The cases indicate that it is not up to the defendant to prove that the alleged statement was involuntary but rather that the burden is on the State to show that it was voluntary. As applied to the case before us, when defendant raised the issue of voluntariness when first shown the written statement, the court should have conducted a special hearing on the question of whether or not the statement was made volutarily. The ruling of the trial court, therefore, could not be sustained on the ground that defendant failed to go forward with proof on this issue or to make an offer of proof.

• 2 While the death of Mrs. Fox occurred in 1965 prior to Miranda v. Arizona, 384 U.S. 436, 476, 16 L.Ed.2d 694, 86 S.Ct. 1602, the rule in Illinois that a confession must be voluntary was in force before the Miranda decision and there is no problem of applying such principles retroactively. As pointed out in People v. Caldwell, 39 Ill.2d 346 236 N.E.2d 706, 710:

"The rule adopted in Jackson v. Denno, 378 U.S. 368, 84 S.Ct. 1774, 12 L.Ed.2d 908, which requires that an initial judicial determination of the voluntariness of a defendant's confession be made outside the presence of the jury when objection is made to its admission, has long been the law in this State."

The case of Jackson v. Denno, 378 U.S. 368 (1964), referred to heretofore, made a determination that the voluntariness of confession should be determined in a separate hearing outside the presence of the jury, when objection is made to the admission of such confession. Since we have seen that under the rule in this State as announced in People v. Hiller, 2 Ill.2d 323, there is no difference between a confession and a statement which is incriminating, defendant was obviously entitled to a hearing to determine the voluntariness of his statement when he objected to its admission into evidence.

• 3 The State contends that it is possible to show from the record on appeal that the statement was made voluntarily and thus this cause should not be reversed, even though no separate hearing was held on the question of voluntariness as requested by defendant. While the State properly contends that there was strong evidence pointing to the guilt of defendant, as indicated in People v. Knox, 90 Ill. App.2d 149, the hearing must nevertheless be conducted to determine whether the statement was voluntary.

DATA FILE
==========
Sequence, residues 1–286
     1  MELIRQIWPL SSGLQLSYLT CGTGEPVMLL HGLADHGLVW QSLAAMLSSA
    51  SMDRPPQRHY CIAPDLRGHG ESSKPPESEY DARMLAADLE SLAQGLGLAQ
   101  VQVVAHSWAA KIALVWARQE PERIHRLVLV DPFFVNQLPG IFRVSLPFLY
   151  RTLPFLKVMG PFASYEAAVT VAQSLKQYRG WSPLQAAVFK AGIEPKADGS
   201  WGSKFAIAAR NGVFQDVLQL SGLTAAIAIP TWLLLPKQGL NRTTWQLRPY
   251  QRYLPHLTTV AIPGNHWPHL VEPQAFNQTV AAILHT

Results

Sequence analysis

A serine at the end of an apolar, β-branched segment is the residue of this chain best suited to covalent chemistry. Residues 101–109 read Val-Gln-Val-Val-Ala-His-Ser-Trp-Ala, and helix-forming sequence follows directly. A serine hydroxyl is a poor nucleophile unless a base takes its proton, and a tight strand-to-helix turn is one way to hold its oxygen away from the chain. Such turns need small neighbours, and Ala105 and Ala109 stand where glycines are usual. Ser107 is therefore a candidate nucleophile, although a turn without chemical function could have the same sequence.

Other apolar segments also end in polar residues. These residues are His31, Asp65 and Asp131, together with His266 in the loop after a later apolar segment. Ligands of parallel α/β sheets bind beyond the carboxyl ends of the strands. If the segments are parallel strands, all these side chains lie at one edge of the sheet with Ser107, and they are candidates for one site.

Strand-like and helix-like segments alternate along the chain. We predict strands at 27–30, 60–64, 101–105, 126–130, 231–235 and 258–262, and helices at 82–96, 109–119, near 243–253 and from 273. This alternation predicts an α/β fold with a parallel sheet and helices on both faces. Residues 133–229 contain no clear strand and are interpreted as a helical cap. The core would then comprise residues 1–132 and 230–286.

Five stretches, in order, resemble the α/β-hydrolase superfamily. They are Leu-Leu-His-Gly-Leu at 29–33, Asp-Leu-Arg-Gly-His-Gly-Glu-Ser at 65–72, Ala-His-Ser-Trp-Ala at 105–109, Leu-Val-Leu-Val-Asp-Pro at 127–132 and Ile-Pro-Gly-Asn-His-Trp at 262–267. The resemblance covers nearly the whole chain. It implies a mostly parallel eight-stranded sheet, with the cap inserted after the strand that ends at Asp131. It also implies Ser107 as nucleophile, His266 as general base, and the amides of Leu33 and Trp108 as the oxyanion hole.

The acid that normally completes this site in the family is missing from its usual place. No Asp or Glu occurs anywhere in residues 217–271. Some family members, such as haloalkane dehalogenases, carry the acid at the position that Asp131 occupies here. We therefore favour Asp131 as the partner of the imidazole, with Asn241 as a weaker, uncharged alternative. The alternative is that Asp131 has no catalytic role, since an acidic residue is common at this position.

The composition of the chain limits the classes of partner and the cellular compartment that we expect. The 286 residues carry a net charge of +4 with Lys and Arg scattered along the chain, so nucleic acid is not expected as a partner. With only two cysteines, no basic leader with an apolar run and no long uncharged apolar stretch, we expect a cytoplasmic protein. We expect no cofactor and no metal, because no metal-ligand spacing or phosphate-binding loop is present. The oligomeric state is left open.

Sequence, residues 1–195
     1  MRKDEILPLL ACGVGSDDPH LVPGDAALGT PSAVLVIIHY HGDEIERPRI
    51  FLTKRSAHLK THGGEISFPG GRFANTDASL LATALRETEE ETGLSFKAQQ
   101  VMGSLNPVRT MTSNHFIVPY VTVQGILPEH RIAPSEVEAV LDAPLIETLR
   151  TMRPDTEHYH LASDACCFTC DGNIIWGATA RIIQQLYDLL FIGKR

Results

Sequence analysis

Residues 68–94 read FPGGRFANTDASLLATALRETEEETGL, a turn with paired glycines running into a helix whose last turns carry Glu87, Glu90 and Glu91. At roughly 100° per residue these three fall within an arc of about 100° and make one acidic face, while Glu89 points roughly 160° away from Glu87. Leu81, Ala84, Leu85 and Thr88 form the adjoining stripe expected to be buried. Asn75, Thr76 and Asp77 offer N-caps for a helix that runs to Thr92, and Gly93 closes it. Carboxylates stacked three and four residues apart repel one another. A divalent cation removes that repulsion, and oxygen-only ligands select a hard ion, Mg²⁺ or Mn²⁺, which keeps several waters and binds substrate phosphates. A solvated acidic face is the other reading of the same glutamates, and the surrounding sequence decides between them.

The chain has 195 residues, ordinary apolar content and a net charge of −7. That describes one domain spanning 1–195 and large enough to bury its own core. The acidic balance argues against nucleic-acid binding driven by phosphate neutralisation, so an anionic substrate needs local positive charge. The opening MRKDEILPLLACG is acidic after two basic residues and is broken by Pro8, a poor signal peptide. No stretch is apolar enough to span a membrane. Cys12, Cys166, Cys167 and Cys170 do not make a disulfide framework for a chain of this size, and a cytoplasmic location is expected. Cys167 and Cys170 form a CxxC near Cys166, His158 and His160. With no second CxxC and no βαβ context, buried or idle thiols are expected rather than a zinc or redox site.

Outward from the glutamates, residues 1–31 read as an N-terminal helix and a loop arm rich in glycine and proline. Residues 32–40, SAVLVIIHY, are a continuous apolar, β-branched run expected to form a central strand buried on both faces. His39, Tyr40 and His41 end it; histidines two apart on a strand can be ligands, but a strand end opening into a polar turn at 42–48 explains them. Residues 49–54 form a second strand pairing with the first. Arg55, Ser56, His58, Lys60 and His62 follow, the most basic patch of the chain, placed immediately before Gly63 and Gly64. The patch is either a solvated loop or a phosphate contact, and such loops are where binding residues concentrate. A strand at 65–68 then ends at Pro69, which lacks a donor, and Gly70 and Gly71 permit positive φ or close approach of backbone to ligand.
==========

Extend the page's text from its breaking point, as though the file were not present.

• 4 It is, therefore, clear that there was error in failing to conduct a hearing on the voluntariness of defendant's statement. The problem before the court now is whether defendant should be granted a new trial or whether the cause should be remanded solely for the purpose of determining whether or not the statement was in fact made voluntarily. As stated in People v. Knox, 90 Ill. App.2d 149, at page 167, the cause should be remanded with directions to the trial court to vacate the judgment of conviction and conduct a hearing as to voluntariness in accordance with the court's opinion. If the court finds that the statements of the defendant were made involuntarily, then the trial court should grant defendant a new trial. If the trial court finds that the statements were made voluntarily by defendant, the court shall then enter a new judgment and sentence in accordance with the verdict of the jury. The same procedure was followed by the Illinois Supreme Court in People v. Strader, 38 Ill.2d 93, 97-98. In the Strader case the court remanded for the purpose of a hearing on the issue of voluntariness of defendant's statements. It was pointed out specifically that if the statements were found to be voluntary, then the post-conviction petition should be dismissed. But, if found to be involuntary, the judgment and conviction was to be vacated and defendant granted a new trial. We, therefore, conclude that the procedure is proper and that this cause should be remanded with directions to the trial court to vacate the judgment of conviction and conduct a hearing as to voluntariness of the statement in accordance with this opinion. If the court finds that the statement of defendant was made involuntarily, the trial court should grant defendant a new trial. If the trial court finds that the statements were made voluntarily by defendant, the court shall enter a new judgment and sentence in accordance with the verdict of the jury.